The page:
Awash in preparations for this present Christmastide, I find myself moving in mind to remembrances of my childhood Christmases. Every family has a unique set of traditions and ways to remember Christ’s coming. My family’s Christmases were shaped by my Mother.

Mama reveled in Christmas! All year she would haunt the best sales, the ones with $1.00 tables. Patiently, with all the skill of a predator stalking its prey, she would sift through the tangled piles of merchandise, walking away in triumph endless minutes later with the one perfect bargain on the table. All year, she would squirrel away these precious ‘finds’. And her evenings during the week before Christmas were devoted to wrapping these treasures in pretty paper, gorgeous homemade bows – she learned to make them at Marshall Field’s, working as a Christmas temp in the wrapping room – and all sorts of decorations.

We would end up with a veritable mountain of presents under the tree on Christmas morning. Upon unwrapping them all, we might find that she had wrapped four pairs of socks for us in eight packages! But there was the appearance of abundance, which Mama loved, having grown up in the depression; having had to skimp and make do for all her own childhood years.

My Pop was also a depression baby, and the experience had hit him hard. He was at work on the street corner from the age of five, selling newspapers to help the family buy bread. His brilliant father was a sot and no provider, and the responsibility of paying the bills fell to his remarkable mother, who worked as housemother for an orphanage in order to house her own children. He never questioned needing to help out. But he never had a childhood.

This experience left Pop a confirmed miser; nay, a Scrooge. He resisted Christmas with every bone in his body. Finally, at about four o’clock on Christmas Eve, when nothing but bargains were left, he would grudgingly set out to purchase a Christmas tree. He would bring home a scraggly fir orphan, assymetrical and homely, with a hole in the branches here and a twist in the trunk there. Then Mama would have him turn the tree around, while she looked for its best side.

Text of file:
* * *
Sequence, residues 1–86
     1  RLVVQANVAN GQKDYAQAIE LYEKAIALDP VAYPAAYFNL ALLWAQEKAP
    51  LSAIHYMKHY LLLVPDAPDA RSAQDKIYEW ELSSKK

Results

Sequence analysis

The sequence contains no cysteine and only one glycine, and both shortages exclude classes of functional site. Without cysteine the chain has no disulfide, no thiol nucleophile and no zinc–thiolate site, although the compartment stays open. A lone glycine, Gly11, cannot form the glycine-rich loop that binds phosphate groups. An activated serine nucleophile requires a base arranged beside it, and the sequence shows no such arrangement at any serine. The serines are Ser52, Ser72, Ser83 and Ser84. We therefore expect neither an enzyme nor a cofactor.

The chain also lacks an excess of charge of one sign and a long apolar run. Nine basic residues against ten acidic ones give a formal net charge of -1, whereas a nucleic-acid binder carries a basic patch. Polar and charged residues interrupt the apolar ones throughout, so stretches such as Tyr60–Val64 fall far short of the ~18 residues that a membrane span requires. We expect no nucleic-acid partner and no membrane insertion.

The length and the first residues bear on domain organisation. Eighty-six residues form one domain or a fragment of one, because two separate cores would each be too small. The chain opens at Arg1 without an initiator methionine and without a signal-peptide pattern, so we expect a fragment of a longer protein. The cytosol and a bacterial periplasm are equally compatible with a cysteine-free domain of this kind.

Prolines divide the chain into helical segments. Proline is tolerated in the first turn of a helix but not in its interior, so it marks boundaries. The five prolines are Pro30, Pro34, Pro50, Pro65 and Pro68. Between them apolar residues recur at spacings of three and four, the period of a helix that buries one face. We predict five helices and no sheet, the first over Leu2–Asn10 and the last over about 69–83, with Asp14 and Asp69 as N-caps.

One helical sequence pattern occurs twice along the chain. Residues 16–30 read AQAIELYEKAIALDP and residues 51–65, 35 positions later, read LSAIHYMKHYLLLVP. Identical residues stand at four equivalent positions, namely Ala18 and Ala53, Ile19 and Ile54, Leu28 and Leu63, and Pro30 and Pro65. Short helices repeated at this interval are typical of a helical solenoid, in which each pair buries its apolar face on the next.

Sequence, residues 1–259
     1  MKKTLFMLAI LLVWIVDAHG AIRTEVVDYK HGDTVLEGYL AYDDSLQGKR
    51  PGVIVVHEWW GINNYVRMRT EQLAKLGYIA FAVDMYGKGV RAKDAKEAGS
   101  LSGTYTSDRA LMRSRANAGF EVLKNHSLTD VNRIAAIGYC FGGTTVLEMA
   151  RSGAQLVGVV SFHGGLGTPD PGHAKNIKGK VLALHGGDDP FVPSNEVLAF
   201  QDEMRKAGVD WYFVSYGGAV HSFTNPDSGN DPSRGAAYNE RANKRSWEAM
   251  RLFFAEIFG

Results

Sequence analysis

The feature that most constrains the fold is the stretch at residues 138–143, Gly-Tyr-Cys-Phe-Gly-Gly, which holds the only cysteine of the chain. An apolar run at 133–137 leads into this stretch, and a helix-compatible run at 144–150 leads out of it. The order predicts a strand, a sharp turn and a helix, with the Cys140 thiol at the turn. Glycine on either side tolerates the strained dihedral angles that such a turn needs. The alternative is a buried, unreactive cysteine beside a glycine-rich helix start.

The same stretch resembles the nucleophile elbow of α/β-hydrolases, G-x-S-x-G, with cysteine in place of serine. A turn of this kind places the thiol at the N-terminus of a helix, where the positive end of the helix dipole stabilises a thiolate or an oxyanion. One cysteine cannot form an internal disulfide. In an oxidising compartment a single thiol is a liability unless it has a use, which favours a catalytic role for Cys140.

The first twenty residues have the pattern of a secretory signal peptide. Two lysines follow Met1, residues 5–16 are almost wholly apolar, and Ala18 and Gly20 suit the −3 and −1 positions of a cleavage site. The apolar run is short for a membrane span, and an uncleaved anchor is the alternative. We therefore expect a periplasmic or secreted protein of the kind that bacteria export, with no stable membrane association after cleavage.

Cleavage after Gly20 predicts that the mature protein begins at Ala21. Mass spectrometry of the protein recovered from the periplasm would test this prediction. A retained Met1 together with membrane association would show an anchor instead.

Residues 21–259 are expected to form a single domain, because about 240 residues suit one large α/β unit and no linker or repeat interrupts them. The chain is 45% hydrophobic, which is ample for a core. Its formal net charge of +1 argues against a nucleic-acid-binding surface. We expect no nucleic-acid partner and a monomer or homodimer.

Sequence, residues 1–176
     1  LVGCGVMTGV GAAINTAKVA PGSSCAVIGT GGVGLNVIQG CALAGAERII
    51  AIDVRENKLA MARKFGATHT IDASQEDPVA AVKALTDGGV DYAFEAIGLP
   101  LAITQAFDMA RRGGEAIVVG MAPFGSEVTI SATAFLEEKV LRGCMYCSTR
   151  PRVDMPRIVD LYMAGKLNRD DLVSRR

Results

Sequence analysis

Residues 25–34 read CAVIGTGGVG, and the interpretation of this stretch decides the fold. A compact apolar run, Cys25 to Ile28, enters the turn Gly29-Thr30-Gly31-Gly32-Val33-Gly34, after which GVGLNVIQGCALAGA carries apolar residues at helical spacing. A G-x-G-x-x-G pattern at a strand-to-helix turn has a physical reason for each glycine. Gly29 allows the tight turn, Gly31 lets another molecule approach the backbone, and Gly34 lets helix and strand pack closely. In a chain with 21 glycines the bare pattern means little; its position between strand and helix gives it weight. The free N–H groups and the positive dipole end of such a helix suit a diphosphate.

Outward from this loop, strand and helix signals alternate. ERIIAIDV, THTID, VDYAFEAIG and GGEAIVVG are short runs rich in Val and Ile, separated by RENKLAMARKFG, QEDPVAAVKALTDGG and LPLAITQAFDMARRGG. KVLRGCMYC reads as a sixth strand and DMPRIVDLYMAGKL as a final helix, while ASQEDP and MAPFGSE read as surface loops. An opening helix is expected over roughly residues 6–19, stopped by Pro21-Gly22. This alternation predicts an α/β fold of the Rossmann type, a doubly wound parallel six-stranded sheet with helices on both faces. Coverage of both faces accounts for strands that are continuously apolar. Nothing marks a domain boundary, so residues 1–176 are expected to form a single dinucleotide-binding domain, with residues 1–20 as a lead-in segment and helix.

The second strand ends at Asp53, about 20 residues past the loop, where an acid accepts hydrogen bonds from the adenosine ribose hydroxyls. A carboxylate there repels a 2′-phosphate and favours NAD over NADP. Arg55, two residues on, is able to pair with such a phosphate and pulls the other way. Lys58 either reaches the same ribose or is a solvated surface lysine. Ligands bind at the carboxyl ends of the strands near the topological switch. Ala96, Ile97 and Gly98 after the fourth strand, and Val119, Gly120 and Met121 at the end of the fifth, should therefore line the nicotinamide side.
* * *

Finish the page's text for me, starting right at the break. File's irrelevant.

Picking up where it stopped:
While the Christmas Oratorio played on the record player, she and we children, the three of us, would take out the ornaments she saved so lovingly from year to year and add them to the lights Pop had already put on the tree. Then she took out old-fashioned tinsel strands and placed one after the other on each branch until the entire tree shimmered in the lamplight. I will never forget her face, glowing with the joy of the moment, creating a thing of utter beauty out of the tree that had looked so ratty and tatty when Pop first brought it in.

After a late dinner, we all went to midnight mass to sing in the choir. The whole family was musical, to the point that when I was fourteen years old and my baby brother, Tommy, was christened, Father Bill Gentleman, our priest, introduced him to the congregation as the newest member of the choir.

For me, the Christmas Eve service is still the very heart of Christmas. The name means ‘Christ’s Mass’. A universe of faith and devotion to Jesus always coalesces for me within the finite bounds of that infinite remembrance of Christ’s birth. Carol builds upon carol, anthem upon anthem and the familiar words of the service bring the energy of adoration and praise to a peak at the Holy Eucharist.

“The bread of life.” “The cup of salvation.” At the altar rail, the glory of the lord shines round about us. His presence is very real to me. “Take this in remembrance that Christ’s blood was shed for thee,” says the priest, and I bow my head and whisper, “I will remember you, my beloved Lord.”

I go back to my seat in the chancel choir and open myself to the moment of utter awareness that, in the rough straw of a stable manger, my Beloved has come into this world and is present in my life all over again! That manger becomes my heart, and like Mary, I wish only to behold Him there and welcome Him into my life. I love the old hymn, whose last verse is,

[lyrics start] “What can I give Him, poor as I am? If I were a shepherd, I would bring a lamb. If I were a wise man, I would do my part. Yet what I can, I give Him – give my heart.” [lyrics end]

This year, Mick and I will welcome beloved friends into our home for Christmas Eve and Christmas Day. We will go to the Midnight Service together, come home for a sweet sleep and then spend Christmas Day opening our presents, enjoying Christmas dinner and whiling away the day in delicious leisure. Over New Year’s, my little brother Tommy, now over fifty years of age, will bring his wife and three children for a Rueckert family gathering. As we talk of old times and learn of what each person is doing now – at work, at school and in life in general – we will feel the tug of our mutual roots; the reassurance of family ties and shared love. It will be a time of happiness and warmth. We are fortunate that our family does not quarrel, so all will be “merry and bright”.

Yet for me, the very center of Christmas remains that moment in the Midnight Service when all the church lights are dimmed or shut off, candles are lit in each worshiper’s hand, and we sing

[lyrics start] “Silent night! Holy night!” [lyrics end]

I open my arms and embrace your spirit. May we all rejoice together at this holy time! May we see our own spirits, newly born, growing more and more to maturity within us, in the rough straw of our hearts. May we come to love ourselves and each other as He loves us!

Merry Christmas!